What Austin ISD wants to do with the $1.05 billion bond

FILE - Austin ISD (KXAN File Photo)
FILE - Austin ISD (KXAN File Photo)

AUSTIN (KXAN) — Voters in Austin will consider whether to approve the largest school bond in the city’s history. The Austin Independent School District Board of Trustees unanimously approved a bond election for $1,050,984,000. Despite the record amount of bond money, the district says the bond would not increase the tax rate.

The district breaks the plan down into three types of bond projects:

  • District-wide projects — aimed to benefit all students. (Examples: buses, technology upgrades)
  • New and modernized schools, including:
    • New northeast Austin middle school
    • New Casis, Govalle, Menchaca, and T.A. Brown elementary schools
    • New southwest Austin elementary school
    • New Eastside Memorial ECHS at original L.C. Anderson campus
    • Modernizations at Ann Richards, Bowie, Eastside, LBJ, Murchison, Brentwood, Northwest and Blazier
  • Reinvention programs – for 21st century learning
    • Early College High Schools
    • Fine arts renovations
    • LBJ ECHS Medical High School

The bond proposition was shaped by the district’s Facility Master Plan, which serves as a guideline for all AISD facilities over the next 25 years. This bond package is the culmination of almost two years of intensive work. The bond touches almost every campus in AISD. The district’s bond page lists projects at each campus.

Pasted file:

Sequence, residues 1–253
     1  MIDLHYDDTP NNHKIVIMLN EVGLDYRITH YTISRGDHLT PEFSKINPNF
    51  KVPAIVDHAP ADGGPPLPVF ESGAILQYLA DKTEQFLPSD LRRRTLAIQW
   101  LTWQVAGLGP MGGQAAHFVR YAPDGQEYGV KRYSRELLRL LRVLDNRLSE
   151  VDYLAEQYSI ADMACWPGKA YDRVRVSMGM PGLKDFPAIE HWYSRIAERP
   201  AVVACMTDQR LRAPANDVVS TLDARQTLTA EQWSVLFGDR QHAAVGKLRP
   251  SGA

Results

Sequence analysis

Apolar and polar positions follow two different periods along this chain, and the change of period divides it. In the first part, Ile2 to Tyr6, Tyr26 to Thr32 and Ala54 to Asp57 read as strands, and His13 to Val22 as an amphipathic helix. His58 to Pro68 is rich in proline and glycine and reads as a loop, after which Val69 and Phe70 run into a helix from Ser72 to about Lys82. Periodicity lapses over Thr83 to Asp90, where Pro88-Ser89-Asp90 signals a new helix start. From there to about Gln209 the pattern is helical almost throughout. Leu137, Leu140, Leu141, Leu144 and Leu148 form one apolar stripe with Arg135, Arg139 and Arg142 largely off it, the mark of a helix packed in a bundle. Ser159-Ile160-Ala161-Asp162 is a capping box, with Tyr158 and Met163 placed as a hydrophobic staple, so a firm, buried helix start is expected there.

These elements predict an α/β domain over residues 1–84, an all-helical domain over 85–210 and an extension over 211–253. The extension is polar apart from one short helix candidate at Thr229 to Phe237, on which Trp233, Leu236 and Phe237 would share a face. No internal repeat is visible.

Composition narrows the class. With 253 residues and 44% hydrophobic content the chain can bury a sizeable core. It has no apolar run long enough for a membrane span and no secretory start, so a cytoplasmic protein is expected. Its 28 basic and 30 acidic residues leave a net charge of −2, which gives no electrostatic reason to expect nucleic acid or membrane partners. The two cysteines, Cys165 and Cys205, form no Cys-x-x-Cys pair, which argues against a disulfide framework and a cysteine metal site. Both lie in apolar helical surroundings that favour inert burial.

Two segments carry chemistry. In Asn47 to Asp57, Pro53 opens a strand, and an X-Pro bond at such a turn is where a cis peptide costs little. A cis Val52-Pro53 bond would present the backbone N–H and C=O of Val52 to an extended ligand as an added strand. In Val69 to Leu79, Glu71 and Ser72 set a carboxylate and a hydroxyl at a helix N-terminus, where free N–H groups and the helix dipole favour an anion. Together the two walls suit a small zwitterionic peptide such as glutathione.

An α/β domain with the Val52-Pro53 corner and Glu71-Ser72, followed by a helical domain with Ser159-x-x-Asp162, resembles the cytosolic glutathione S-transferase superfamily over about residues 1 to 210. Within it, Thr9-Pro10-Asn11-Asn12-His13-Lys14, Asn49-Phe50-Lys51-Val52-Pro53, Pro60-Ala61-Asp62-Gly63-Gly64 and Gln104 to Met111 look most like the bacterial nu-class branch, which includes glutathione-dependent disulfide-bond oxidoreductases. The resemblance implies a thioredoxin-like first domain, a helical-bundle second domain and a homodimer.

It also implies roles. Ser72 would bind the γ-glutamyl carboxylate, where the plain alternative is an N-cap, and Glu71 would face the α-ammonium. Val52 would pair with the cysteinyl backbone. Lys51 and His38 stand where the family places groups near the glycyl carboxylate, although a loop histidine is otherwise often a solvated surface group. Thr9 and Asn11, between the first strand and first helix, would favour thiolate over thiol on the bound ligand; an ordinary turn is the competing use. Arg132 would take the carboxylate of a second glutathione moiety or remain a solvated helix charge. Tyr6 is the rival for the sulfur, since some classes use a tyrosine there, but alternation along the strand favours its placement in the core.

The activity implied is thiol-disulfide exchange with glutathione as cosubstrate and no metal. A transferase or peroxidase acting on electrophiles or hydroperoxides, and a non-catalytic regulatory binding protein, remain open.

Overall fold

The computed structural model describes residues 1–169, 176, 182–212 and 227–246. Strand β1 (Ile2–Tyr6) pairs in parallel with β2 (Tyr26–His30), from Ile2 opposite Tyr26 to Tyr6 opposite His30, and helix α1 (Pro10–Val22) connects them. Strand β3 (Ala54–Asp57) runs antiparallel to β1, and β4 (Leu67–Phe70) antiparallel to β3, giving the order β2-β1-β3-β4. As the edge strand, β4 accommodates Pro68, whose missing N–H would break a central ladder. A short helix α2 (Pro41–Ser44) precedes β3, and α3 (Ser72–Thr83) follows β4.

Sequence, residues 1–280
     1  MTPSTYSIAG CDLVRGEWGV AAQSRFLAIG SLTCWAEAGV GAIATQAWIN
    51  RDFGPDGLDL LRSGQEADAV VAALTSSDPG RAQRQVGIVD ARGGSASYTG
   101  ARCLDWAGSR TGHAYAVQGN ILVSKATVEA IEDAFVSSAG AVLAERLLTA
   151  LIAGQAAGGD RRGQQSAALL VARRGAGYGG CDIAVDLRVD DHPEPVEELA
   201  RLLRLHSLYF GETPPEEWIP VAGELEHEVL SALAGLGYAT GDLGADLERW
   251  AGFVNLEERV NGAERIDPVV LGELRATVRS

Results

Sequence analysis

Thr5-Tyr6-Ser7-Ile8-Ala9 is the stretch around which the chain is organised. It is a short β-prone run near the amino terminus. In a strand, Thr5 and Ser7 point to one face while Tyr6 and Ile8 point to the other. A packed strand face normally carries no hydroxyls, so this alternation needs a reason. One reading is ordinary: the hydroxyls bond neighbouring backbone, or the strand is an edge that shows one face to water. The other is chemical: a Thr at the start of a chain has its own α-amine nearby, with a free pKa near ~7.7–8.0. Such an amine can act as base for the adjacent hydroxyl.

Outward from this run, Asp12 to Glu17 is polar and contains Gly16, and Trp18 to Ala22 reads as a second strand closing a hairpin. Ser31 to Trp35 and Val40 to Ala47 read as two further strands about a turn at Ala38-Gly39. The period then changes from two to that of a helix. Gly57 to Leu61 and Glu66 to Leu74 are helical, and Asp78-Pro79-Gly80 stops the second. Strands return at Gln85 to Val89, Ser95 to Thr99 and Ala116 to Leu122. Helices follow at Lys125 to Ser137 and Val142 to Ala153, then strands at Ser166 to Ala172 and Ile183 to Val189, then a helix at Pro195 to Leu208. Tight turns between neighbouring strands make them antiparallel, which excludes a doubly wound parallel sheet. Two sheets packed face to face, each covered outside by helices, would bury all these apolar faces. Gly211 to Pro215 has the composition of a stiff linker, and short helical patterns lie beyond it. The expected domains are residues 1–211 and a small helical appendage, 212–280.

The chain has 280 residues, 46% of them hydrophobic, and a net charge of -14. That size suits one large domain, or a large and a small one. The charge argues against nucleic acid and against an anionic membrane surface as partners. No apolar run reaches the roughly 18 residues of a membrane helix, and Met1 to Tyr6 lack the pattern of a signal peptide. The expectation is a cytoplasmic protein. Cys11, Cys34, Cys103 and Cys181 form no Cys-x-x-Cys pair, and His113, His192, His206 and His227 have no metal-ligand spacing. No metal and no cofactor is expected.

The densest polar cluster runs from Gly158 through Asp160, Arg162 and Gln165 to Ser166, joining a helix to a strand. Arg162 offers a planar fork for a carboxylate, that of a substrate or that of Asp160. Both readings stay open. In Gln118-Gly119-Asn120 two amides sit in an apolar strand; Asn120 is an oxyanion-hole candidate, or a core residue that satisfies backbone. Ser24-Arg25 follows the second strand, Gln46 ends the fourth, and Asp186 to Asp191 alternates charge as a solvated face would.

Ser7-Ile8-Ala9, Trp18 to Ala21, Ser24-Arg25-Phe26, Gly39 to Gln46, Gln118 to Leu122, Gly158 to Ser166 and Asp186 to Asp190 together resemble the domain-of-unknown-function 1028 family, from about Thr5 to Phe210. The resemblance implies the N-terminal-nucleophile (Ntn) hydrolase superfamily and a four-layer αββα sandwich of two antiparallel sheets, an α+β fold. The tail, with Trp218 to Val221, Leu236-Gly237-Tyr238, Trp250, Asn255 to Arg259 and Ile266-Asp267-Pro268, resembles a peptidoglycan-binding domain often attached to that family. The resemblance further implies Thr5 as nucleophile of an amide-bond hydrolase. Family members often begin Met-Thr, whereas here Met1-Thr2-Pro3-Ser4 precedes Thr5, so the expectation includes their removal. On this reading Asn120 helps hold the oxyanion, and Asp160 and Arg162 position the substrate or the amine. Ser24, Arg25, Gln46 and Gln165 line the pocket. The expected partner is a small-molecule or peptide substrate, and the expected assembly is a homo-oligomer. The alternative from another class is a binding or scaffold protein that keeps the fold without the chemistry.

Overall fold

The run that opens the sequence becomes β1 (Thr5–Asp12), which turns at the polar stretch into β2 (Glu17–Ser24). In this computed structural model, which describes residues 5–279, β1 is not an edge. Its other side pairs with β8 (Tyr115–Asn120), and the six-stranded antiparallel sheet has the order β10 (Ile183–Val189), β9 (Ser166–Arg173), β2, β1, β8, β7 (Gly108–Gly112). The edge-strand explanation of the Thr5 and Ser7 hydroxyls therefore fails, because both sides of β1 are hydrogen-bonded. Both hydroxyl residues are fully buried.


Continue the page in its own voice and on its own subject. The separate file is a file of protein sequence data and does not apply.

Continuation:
District leaders say AISD needs a bond because the district is projected to pay more than half-a-billion dollars to the state as part of Robin Hood. When a school district takes out a bond, that money is exempt from the state’s recapture funding mechanism. Basically, bond money stays in the district, while $534 million of local property taxes goes to other districts.

So, how could the district take out more than a billion dollars in bonds without raising tax rates to pay for the debt? First off, district leaders say AISD will not borrow the total amount on day one, instead opting to borrow smaller amounts and pay off the debt as they go. The district also plans to sell land and facilities to help offset costs, as well as merging campuses to balance population shifts in the district.

Early voting runs through Friday, Nov. 3. Election day is Tuesday, Nov. 7.

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